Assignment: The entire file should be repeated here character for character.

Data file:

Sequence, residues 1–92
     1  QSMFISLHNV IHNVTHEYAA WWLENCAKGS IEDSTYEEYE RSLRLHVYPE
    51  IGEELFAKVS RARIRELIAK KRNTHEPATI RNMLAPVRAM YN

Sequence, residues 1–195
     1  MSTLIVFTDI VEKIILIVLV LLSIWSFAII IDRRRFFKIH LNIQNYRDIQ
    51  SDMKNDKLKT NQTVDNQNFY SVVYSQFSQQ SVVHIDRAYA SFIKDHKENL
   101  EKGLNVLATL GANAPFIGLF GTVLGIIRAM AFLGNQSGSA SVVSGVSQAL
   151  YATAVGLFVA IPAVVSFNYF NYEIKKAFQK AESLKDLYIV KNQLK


Sequence, residues 1–92
     1  QSMFISLHNV IHNVTHEYAA WWLENCAKGS IEDSTYEEYE RSLRLHVYPE
    51  IGEELFAKVS RARIRELIAK KRNTHEPATI RNMLAPVRAM YN

Sequence, residues 1–195
     1  MSTLIVFTDI VEKIILIVLV LLSIWSFAII IDRRRFFKIH LNIQNYRDIQ
    51  SDMKNDKLKT NQTVDNQNFY SVVYSQFSQQ SVVHIDRAYA SFIKDHKENL
   101  EKGLNVLATL GANAPFIGLF GTVLGIIRAM AFLGNQSGSA SVVSGVSQAL
   151  YATAVGLFVA IPAVVSFNYF NYEIKKAFQK AESLKDLYIV KNQLK